Are there “Dog Jews” and “Cat Jews”? Do Jews love their dogs and cats? Have they always loved them? If so, did they love them as pets? I shall briefly try and discuss the attitudes toward dogs and cats in ancient Jewish society, based on academic research undertaken during the last 15 years. In the interests of full disclosure I should point out I am not totally objective. I did, after all, dedicate an academic study on “Jewish” dogs to my grandchildren’s vizsla, Lupa.
For the most part, and in spite of some recent scholarly attempts at rehabilitation, dogs were held in contempt in Israelite society due to their penchant for dining on blood and carcasses (I Kings 14:11; 16:4, 21:19, 24, and 22:38). They were regarded as urban predators roaming about at night, barking and howling, in search for food (Psalms 59:7, 15), and such dogs could easily attack anybody who got too close (Psalms 22:17, 21) or bite those who foolishly tried to show them affection (Proverbs 26:17). Outside of the city there were wild dogs, busy devouring carrion and licking blood (II Kings 9:35-36; Exodus 22:30). Very few people would have wanted anything to do with them. The only hint of any positive role for the biblical dog is found in Job 30:1, which makes reference to “dogs of my flock,” perhaps indicating that in biblical times there were dogs who served as sheep dogs or herders.
The basically negative and at best ambivalent attitude of biblical Israelites was not that different from prevalent attitudes in general in the ancient Near East, which often stressed the impurity of the dog and its contemptible status. True, there were exceptions to the rule; some dogs did occasionally enjoy somewhat of a higher status, some Canaanite cults may have sanctified canines, the Hittites liked to use them in purification and healing rites, and the odd dog may actually have been kept as a pet—and if it lived in Phoenician Ashkelon might have been buried in the dog cemetery. However, these were exceptions to the generally negative stereotypes that existed in both ancient Israel and in neighboring lands.
Cats are not mentioned at all in the Bible. A figurine carving of a cat from Lachish in the Shefelah dates to c. 1700, the Middle Bronze period, but has nothing to do with Jews or Israelites in any form. The statue might have come from Egypt, and there was a good reason for that: Egypt was rich in grain and had many silos and these undoubtedly attracted mice and other vermin. The vermin attracted feral cats and later semi-domesticated ones who feasted on mice and vermin as well as on deadly snakes that were also found in Egypt. The cats were so successful that the Egyptians began to see them as embodiments of divine power. But none of this had any influence on the Jews, even though the land of Israel was under Egyptian rule for a good period of the time. If there were cats in ancient biblical Israel serving as mousers, we do not have any proof of their existence.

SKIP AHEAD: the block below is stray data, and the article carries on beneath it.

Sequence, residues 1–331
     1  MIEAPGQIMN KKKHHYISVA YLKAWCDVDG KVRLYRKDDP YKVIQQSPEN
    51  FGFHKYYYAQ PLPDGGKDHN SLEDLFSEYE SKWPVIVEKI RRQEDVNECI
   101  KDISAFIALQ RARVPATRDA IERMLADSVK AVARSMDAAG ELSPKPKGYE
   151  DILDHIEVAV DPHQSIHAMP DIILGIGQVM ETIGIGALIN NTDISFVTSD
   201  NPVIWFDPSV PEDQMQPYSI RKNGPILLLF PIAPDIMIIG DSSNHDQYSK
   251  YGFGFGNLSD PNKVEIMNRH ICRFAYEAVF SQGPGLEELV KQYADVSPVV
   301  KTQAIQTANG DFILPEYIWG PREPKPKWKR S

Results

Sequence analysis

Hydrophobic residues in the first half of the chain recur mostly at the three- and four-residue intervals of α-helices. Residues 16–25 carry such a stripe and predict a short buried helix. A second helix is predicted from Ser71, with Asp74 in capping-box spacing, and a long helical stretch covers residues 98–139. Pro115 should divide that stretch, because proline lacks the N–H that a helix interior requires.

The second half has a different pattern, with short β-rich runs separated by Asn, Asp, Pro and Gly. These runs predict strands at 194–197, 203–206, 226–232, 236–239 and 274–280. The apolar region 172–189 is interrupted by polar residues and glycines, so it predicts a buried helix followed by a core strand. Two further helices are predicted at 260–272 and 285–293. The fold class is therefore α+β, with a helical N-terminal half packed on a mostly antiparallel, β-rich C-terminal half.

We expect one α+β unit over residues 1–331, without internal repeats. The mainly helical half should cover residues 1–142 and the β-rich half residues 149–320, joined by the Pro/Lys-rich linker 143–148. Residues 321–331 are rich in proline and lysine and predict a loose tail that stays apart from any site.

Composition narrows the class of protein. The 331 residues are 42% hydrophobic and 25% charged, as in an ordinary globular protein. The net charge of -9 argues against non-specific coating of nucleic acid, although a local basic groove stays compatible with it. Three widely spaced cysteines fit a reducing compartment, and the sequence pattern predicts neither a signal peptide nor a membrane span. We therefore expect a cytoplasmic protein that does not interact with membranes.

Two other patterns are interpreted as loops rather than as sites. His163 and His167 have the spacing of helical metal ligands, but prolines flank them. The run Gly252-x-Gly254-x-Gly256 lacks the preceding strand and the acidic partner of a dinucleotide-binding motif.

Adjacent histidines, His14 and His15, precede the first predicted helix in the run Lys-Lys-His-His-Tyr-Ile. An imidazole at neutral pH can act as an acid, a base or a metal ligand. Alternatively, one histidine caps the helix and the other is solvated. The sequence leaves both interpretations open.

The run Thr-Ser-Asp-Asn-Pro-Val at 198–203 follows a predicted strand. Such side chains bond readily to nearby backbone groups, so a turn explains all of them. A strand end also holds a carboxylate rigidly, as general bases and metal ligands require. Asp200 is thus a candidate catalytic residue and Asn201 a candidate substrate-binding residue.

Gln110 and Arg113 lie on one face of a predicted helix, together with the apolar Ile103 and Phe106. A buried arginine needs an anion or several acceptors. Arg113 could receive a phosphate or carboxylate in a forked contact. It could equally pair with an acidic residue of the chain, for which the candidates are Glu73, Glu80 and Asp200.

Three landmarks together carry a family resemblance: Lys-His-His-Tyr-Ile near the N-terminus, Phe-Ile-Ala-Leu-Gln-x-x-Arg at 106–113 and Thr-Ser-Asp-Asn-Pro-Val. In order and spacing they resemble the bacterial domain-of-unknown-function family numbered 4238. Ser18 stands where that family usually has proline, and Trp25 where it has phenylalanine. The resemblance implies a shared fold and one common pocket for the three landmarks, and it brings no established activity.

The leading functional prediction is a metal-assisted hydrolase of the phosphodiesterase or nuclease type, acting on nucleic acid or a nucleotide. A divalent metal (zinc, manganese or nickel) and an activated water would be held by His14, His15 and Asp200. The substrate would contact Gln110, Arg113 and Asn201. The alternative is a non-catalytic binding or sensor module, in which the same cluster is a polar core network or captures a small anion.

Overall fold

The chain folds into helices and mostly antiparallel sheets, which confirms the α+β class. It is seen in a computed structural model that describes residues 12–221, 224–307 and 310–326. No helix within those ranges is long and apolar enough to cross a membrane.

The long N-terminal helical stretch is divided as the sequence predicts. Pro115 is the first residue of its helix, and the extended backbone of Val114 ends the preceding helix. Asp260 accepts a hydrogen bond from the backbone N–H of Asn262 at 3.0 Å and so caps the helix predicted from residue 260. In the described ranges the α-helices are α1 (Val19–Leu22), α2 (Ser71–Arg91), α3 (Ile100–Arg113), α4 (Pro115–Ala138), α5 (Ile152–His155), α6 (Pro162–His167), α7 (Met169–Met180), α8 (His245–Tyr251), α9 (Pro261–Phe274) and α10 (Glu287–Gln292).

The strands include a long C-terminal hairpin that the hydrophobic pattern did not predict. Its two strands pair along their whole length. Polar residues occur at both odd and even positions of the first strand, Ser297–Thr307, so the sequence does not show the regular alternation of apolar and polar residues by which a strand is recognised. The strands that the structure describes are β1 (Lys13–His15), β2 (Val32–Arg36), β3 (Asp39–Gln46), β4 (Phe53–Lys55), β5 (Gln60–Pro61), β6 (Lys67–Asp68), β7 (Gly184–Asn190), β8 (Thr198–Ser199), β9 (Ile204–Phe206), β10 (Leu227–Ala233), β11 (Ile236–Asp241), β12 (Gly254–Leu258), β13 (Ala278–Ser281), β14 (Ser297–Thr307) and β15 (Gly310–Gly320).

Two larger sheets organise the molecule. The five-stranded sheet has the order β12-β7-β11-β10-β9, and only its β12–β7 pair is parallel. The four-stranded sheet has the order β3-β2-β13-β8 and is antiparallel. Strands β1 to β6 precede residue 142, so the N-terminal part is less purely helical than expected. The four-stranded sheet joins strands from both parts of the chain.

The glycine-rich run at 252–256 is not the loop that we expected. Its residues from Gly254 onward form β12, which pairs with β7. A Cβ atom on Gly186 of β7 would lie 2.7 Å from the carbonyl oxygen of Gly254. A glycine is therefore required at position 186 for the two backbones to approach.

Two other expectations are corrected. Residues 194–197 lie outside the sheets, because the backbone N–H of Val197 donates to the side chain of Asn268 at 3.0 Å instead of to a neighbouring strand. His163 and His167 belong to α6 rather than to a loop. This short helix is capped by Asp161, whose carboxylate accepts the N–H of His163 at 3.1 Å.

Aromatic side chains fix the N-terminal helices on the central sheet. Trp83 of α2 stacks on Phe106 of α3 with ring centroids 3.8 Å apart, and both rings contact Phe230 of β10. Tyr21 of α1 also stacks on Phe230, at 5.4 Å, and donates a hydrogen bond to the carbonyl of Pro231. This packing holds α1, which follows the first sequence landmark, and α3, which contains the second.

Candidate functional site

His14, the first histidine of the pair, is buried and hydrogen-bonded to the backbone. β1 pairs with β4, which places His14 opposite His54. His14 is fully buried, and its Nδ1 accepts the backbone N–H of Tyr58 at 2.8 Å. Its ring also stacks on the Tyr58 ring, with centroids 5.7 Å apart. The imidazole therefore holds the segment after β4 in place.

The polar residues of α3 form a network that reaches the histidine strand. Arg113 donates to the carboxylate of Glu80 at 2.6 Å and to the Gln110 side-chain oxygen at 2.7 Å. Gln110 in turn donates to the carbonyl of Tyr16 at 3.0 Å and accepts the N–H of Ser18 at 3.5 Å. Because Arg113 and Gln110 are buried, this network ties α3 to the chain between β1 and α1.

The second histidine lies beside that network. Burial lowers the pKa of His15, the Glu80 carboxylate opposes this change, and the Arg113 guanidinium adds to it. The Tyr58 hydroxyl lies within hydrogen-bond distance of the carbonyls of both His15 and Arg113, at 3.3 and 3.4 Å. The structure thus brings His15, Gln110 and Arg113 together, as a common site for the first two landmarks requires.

As we have just seen, Jewish or so far Israelite attitudes to dogs or cats were not divorced from their surroundings, especially during the Second Temple and Mishnah and Talmud period times. Greeks, Romans, and Persians loved dogs. Dogs were functional: They served as hunting dogs, sheep dogs, and guard dogs. Dogs could pull carts, and there were even performing dogs. Some dogs were said to be able to heal with a lick of their tongues. They were popular pets and companions for men and women of all ages: A “boy and his dog” and even a “girl and her dog” were quite common, and many women had a small lap dog as a pet. In Persia, dogs did all of the above-mentioned tasks and were popular, but they were also revered, taking on the status given to cats in Egypt—in part because the Persians mistakenly identified the spiny hedgehog as a dog, and this animal was instrumental in ridding houses of poisonous snakes.